While we are enjoying some extra snuggle time with the Monkeys, we are so pleased to be able to bring you a series of posts from some of our favorite bloggers. Today’s post comes to us from writer Olga Mecking.
Olga and I are fellow members of Multicultural Kid Blogs. We met only relatively recently, but already I am a huge fan! Olga has incredible insights about cultures and languages, especially from the perspective of an expat. She has a talent for bringing complicated, academic topics to a level anyone can relate to.
Today she tackles the issue of religion and cultural identity. Is your religious background part of who you are, even if you are no longer religious?
I was born in Poland, a country that is very Catholic and the church has a lot of influence in the society. I also come from a family that has never been extremely religious. My parents never considered a wedding in a church; instead they had a little ceremony with a few friends, and didn’t even tell anybody about it. It was only years later, when my brother was born, when decided to have us both baptized and had a second wedding in the Catholic Church.
Every Sunday, we would attend mass. Luckily, the priest was great, never boring and always nice and polite, his sermons interesting and child-friendly. We stopped attending when my brother and my mother decided that they won’t go anymore. My mother has never been very religious, and only attended because of the rest of the family. My brother decided to become an atheist, and never went back to church ever since.
As for me, I accompanied my father to the church once in a while, but even I soon stopped. As a student, I found another church where I loved going, and felt at home. I even went to Taizé to be part of an international, intercultural, and ecumenical community. It was a great experience, and yet it didn’t feel right to me. When I went to Hamburg for a scholarship, I stopped attending mass all together.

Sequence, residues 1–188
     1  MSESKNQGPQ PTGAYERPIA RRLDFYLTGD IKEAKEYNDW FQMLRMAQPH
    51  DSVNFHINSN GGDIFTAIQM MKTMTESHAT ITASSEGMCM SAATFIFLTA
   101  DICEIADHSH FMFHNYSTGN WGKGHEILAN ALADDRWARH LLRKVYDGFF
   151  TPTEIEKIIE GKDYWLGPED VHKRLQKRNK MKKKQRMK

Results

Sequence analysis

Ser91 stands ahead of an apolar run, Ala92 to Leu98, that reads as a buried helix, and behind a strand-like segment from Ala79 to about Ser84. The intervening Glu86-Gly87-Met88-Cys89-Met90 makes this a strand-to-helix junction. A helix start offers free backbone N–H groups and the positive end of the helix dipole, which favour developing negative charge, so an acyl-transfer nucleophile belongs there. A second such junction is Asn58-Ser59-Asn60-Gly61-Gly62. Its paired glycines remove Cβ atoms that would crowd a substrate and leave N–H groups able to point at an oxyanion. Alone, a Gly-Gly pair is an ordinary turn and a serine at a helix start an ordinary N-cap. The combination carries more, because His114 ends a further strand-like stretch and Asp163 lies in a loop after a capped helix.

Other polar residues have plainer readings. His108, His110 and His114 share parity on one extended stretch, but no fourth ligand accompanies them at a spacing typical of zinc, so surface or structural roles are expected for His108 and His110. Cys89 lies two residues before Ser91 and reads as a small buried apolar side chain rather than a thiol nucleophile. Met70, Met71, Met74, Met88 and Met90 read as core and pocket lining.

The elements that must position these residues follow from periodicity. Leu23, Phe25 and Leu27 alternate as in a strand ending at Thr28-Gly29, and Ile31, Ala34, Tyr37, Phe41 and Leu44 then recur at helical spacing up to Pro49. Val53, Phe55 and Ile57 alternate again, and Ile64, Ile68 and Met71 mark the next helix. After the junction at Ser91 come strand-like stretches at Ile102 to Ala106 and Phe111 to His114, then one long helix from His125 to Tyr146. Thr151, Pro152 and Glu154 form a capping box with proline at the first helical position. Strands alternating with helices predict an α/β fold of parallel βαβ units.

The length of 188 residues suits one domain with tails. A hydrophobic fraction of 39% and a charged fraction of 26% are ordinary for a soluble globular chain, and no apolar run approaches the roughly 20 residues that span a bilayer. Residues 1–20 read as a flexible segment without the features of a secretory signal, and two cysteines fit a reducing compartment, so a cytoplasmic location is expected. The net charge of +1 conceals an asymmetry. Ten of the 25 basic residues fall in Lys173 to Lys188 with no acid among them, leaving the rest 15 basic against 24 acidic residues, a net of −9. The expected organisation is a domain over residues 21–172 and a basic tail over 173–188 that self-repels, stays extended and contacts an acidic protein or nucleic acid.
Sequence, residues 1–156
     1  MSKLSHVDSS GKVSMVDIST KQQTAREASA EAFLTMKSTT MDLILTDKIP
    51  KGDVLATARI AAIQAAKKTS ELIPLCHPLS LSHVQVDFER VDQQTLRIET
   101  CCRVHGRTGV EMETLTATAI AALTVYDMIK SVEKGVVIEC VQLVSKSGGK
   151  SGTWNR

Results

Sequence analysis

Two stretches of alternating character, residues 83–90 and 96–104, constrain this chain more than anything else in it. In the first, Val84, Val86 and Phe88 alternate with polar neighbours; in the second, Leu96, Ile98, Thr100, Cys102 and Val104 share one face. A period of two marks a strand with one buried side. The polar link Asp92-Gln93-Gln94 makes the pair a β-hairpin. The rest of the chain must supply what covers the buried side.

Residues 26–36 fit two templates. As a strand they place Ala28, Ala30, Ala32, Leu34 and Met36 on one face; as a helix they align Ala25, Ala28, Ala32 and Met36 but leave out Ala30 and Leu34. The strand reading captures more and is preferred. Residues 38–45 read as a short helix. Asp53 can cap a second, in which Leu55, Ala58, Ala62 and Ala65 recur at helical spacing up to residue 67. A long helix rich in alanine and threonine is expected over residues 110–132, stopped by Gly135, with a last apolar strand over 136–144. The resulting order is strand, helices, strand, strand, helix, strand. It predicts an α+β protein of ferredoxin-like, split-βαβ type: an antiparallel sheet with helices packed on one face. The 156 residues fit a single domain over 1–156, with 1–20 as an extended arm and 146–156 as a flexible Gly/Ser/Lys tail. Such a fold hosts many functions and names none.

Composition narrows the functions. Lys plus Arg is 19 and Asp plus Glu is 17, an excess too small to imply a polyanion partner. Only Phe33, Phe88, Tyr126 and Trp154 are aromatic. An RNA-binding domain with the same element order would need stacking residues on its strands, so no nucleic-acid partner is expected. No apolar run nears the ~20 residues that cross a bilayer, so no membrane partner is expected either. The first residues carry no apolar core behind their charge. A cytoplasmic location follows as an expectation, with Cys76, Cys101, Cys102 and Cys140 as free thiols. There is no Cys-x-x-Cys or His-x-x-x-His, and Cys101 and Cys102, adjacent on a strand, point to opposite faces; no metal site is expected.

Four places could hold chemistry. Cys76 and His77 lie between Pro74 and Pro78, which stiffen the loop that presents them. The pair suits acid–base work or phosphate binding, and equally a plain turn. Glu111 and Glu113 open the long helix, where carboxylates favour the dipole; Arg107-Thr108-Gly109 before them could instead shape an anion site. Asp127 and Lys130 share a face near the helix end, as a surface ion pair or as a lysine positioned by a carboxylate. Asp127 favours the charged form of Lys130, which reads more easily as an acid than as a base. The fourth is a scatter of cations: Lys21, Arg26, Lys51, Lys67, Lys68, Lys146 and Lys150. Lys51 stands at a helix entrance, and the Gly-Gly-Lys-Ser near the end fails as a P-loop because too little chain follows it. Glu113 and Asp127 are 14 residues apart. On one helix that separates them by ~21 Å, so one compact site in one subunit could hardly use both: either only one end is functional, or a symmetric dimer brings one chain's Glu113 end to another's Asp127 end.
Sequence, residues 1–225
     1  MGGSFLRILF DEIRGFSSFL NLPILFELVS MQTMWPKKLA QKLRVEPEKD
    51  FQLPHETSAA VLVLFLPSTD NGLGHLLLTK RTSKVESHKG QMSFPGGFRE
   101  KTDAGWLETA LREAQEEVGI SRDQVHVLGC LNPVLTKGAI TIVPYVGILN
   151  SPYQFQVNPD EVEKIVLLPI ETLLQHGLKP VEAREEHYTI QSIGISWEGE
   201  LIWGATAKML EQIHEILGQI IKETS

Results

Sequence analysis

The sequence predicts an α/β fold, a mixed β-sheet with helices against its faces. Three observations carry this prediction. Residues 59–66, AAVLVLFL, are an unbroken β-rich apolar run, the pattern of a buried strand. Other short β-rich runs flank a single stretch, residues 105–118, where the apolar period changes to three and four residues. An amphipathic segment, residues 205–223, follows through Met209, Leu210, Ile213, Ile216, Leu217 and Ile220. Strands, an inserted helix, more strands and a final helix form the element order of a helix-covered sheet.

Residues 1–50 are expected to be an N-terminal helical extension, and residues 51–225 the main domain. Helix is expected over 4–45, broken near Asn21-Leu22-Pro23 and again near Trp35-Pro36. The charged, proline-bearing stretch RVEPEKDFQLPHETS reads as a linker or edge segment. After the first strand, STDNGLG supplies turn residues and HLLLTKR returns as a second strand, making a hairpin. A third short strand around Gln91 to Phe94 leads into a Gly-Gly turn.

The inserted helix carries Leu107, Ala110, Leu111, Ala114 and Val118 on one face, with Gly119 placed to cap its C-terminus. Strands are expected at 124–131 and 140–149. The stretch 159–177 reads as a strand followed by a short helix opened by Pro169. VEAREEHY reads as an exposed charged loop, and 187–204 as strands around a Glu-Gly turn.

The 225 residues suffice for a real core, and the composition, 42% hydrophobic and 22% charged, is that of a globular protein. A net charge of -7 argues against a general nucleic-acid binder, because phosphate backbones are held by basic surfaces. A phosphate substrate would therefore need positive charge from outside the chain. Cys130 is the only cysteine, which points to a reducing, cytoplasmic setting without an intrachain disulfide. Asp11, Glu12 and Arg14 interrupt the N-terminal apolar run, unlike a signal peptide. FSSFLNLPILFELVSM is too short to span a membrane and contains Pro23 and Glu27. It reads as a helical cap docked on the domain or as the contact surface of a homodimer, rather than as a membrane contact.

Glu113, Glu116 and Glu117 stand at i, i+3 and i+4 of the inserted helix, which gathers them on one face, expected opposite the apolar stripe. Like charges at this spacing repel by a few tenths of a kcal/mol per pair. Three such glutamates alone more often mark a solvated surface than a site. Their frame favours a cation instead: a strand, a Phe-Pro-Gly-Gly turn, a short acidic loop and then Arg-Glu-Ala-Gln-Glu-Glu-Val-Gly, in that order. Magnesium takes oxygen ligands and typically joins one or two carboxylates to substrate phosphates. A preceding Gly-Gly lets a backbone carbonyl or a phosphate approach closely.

My husband comes from a family where the mother quit church (it’s much easier to do in Germany than it is in Poland), and his father occasionally attended. My husband and his brother are atheists, they were never baptized, and never inside of a church except for recreational purposes. However, when we got married, we got married in a Catholic church in Germany.
Even though I stopped going to church, I still saw being Catholic as a part of my cultural identity. My husband agreed, and we had a nice long talk with the priest, who proved to be very understanding. When you get married, you exchange vows. And on top of my wedding vows, I promised that I would raise my children in the Catholic faith.
While I haven’t taken my children to church, or in fact, been there myself, I did one thing to fulfill this promise: I got my oldest child baptized. In a Catholic church in Warsaw, no less. Since I felt I was the one responsible for their Polish language and culture, it all made sense. The ceremony was a bilingual one, in Polish and German. My parents-in-law had never been to Poland before, and found this a great opportunity to finally visit my home country.
We’re also trying to get our second child baptized for the very same reasons- but it’s difficult now, since I am pregnant and can’t travel a lot, or make the necessary preparations. Maybe when the little boy is born, we’ll have them baptized together.
My reasons for having my children baptized were less religious or spiritual, but of more cultural nature. We still follow some of the Catholic traditions (for example during Christmas or Easter), and it is also one of the elements making up our family culture.
Olga is mom to two trilingual daughters and is expecting her third child very soon! She is a translator and trainer in intercultural communication. She can be found at Olga Mecking, writing about expat life and raising trilingual children. You can find her on Facebook, and Twitter.